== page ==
The Bible — the official state book?

William T. Robinson, Jr.

William T. Robinson, Jr.

Not many people I encountered found it flattering that Tennessee legislators were seriously considering the Bible as the official state book of Tennessee. In fact, some people saw it as sacrilegious and blasphemous when considering that many laws enacted and actions taken by legislators themselves were less than holy.

Suggesting more than having the Bible serve as a guide or historical reference would be hypocritical and facetious when you look at the reality of many of the actions of those elected to serve us. Little empathy or concern for the marginalized and down trodden citizens of Tennessee seems to be considered in the legislation that’s usually enacted. Adopting the Bible as the official state book of Tennessee would allude to the notion that we value its teaching. Judging from past and present practices that would be a sham.

Often citizens see many of our elected officials as complicit in a collusion of greed and self-absorbed endeavors going against what is in the best interests of the common man to show allegiance to their political party. What ever happened to doing the right thing for the common good of the citizens, even if it meant crossing party lines to do so? Let’s be real and just acknowledge greed and selfishness are not virtues that the Bible favors. But these vices are practiced by too many legislators. How can you rationalize the Bible being the official state book of Tennessee when thousands of people are denied health care by a partisan group of Republicans playing with people’s lives? But why would many legislators care? They have ample health care at a nominal cost paid by the taxpayer. You have more lobbyists advocating for big businesses and special interest groups. Many are seeking perks and legislation to benefit self-serving esoteric parties.

Maybe there should be periodic sessions when legislators rededicate their vows to serve the people who elected them. There appears to be inequities and improprieties in every area serving common citizens, whether it is education, housing, healthcare, or employment. But you would have the public believing the Bible is the guidebook by which we live? How insulting. Having the Bible as the official book of the state would be living a lie and the epitome of hypocrisy. As the axiom goes, the road to hell is paved with good intentions. But this would be an act of heresy toward the Bible, belittling and trivializing its teaching. This action would be just for show or would be used by some radical Christian extremists to wreak havoc.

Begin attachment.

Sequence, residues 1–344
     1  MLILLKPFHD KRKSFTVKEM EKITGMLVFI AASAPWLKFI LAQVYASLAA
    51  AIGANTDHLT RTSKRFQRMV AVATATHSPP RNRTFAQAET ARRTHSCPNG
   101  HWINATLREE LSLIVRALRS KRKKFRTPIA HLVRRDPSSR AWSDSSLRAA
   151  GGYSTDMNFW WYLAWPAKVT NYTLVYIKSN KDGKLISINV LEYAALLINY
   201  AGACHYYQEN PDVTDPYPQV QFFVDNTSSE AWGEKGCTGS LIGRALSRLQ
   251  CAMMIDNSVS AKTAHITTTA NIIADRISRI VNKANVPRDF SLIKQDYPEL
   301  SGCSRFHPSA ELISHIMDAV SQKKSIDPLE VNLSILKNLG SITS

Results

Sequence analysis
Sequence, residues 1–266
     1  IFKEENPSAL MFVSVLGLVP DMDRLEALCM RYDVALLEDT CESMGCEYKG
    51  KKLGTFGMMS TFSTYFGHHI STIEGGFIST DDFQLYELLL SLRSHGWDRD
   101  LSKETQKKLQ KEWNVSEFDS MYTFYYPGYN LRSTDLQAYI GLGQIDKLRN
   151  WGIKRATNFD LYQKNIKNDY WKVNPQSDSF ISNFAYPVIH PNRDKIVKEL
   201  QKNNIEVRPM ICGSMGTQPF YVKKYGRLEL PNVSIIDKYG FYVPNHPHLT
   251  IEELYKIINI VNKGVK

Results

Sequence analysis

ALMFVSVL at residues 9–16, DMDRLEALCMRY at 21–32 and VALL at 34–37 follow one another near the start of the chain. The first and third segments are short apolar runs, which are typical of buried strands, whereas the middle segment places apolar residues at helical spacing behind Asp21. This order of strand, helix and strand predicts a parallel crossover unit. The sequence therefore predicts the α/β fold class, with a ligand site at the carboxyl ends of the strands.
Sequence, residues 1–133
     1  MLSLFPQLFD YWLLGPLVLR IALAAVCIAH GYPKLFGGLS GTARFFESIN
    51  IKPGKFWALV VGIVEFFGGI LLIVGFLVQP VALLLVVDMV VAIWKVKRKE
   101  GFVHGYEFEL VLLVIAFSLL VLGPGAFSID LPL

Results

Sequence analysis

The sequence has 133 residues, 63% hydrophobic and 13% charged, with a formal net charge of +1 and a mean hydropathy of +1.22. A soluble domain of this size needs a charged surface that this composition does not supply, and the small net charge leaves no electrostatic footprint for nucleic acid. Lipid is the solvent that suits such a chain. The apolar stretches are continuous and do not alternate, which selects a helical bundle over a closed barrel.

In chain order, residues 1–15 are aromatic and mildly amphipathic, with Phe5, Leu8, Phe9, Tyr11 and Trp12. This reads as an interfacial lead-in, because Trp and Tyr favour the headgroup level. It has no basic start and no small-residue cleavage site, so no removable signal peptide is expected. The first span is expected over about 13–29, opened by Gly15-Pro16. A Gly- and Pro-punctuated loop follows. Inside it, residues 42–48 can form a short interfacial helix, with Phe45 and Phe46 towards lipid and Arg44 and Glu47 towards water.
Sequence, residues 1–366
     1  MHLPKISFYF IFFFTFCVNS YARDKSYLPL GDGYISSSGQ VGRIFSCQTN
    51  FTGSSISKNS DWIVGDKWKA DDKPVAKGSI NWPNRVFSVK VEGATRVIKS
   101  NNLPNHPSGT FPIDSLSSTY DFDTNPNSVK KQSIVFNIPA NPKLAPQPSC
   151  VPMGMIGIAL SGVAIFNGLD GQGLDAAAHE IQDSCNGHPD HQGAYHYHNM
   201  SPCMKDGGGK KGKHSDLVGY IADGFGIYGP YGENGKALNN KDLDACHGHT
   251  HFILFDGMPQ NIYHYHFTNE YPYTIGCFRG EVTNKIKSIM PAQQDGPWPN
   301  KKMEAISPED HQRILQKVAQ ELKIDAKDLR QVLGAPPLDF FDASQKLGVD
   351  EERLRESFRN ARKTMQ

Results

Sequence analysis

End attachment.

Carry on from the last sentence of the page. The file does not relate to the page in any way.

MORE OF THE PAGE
Whatever happened to separation of church and state? Many state officials constantly cite it when it is convenient. I believe in the Bible, but that is my personal choice and should not literally be used to represent others with different religious beliefs. The citizens of Tennessee consist of a multitude of ethnic groups practicing different religions. Having the Bible as the official state book may be over looking their feelings and concerns. We must be cognizant of all our citizens, not just a select group. Maybe that is our biggest problem—catering to a select group whose concerns are not always in the best interests of all people.

How does the Bible fit in when you have a state that can rationalize honoring the first Grand Wizard of the Klu Klux Klan in many public venues (the capital building is one) regardless of the feelings of African Americans? How does the Bible fit in when you have racist and bigoted citizens literally salivating at the mouth to have Donald Trump as our next elected president?

No doubt the values found in the Bible could benefit all people. But forcing the book as a reference basically representing the values of Tennesseans is not fair to all parties involved. A group of people legislating a religious book promoting views they don’t necessary practice is hypocritical as well as insulting to others who practice different religions.

Maybe if more Christians truly practiced the teachings of the Bible, others might be more moved to follow.

Words without deeds are worthless. The Bible can be practiced without making a mockery of it by saying it represents the people and values of our state collectively. Right now, many people see that it would just be a joke. The Bible is too sacred and holy to be used for political reasons. Gov. Bill Haslam did the right thing in vetoing the bill, which would make the Bible the official state book of Tennessee.